If you’ve been fully vaccinated, the Centers for Disease Control and Prevention recommend that travel is low risk. Yet Aaron Milstone, a pediatric infectious diseases expert at Johns Hopkins, says those guidelines don’t apply to children.

Milstone: The CDC came out and has given people the green light to travel if they’ve been vaccinated. For many of us that doesn’t include our kids who are under the age of 16. The premise of traveling with your kids is people have this perception that kids are not going to get Covid and are not going to get sick from Covid. We know that’s not true. I’ve encouraged people, as they ponder traveling, which we all want to do, we’re all ready to get out, to remember that our kids are still susceptible, and although they aren’t as high risk as our grandparents there is risk.  :30 

Milstone notes that infection rates around the country are once again rising, and many younger people are becoming infected. He says keeping our children safe relies even more on masks and other measures until a vaccine for them becomes available. At Johns Hopkins, I’m Elizabeth Tracey.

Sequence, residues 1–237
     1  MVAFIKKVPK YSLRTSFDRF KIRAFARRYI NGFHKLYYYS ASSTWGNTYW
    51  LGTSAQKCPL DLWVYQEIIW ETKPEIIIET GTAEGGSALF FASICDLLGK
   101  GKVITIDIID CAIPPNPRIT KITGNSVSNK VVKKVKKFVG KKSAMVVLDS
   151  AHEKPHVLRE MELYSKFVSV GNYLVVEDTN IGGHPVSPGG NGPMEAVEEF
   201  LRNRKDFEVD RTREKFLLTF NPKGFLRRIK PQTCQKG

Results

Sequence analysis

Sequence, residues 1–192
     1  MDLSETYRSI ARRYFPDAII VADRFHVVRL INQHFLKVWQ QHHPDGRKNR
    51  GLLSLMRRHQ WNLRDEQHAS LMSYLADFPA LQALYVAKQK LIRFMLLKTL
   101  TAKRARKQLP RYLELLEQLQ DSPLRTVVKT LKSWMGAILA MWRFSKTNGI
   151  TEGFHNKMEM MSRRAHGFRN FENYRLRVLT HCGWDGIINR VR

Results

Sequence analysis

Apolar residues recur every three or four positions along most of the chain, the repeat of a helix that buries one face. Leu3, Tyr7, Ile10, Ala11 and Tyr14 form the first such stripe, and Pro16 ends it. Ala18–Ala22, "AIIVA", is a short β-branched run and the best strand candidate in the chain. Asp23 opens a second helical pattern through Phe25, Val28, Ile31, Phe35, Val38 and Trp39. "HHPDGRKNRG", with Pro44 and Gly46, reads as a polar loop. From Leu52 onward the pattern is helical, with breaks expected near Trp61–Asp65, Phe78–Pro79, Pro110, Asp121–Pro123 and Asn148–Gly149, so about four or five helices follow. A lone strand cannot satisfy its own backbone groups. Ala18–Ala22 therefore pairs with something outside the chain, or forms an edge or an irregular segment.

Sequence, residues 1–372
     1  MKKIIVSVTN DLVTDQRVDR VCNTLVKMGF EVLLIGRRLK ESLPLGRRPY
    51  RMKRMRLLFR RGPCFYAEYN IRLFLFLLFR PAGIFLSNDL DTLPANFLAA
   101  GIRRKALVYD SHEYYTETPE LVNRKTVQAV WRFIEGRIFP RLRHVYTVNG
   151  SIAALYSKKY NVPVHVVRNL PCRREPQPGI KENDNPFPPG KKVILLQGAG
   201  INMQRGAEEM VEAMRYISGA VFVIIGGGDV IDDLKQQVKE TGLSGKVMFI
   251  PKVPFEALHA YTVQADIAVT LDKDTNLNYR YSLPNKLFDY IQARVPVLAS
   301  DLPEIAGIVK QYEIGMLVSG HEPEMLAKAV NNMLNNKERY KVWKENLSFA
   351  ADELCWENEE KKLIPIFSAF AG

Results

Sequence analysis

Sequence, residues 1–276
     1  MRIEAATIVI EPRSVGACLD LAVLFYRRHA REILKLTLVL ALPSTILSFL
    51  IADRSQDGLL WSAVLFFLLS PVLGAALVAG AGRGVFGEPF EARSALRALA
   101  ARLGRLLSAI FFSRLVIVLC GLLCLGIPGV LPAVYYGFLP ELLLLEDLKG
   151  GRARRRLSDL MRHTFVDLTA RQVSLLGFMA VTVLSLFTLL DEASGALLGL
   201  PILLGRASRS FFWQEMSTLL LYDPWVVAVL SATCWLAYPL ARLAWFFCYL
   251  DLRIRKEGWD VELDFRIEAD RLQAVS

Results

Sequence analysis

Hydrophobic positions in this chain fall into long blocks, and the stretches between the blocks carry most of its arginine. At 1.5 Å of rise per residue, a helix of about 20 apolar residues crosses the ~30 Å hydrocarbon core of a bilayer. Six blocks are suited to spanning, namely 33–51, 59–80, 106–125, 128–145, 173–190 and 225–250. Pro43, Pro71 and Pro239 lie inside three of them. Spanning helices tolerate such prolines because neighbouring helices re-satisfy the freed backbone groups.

Sars-CoV2 variants are spreading apace around the US and the world, even as scientists race to assess whether currently available vaccines will provide protection against them. Brian Garibaldi, a critical care medicine expert at Johns Hopkins, says the presence of variants is not his primary concern.

Garibaldi: With the variants right now, I’m not worried about the ones that are circulating in terms of preventing us from being safe if you’ve been vaccinated, but the longer we allow high levels of community circulation of this virus, the more likely it is that there is going to be a variant that eventually is going to emerge that is going to start infecting people at a higher rate who have been vaccinated, and then we’re going to have to start the process all over again. And I think having this degree of community spread in our country but also if you look at what’s happening in India and Brazil, those are going to be hotbeds of variants if we don’t get things under control.  :31

The advice remains to keep up distancing, masks, and avoiding crowds, Garibaldi notes, and getting vaccinated as soon as possible. At Johns Hopkins, I’m Elizabeth Tracey.


Everywhere you look it seems more people are being infected with the coronavirus, with hospitalizations also rising around the US and the world. Brian Garibaldi, a critical care medicine expert at Johns Hopkins, says weariness is pervasive.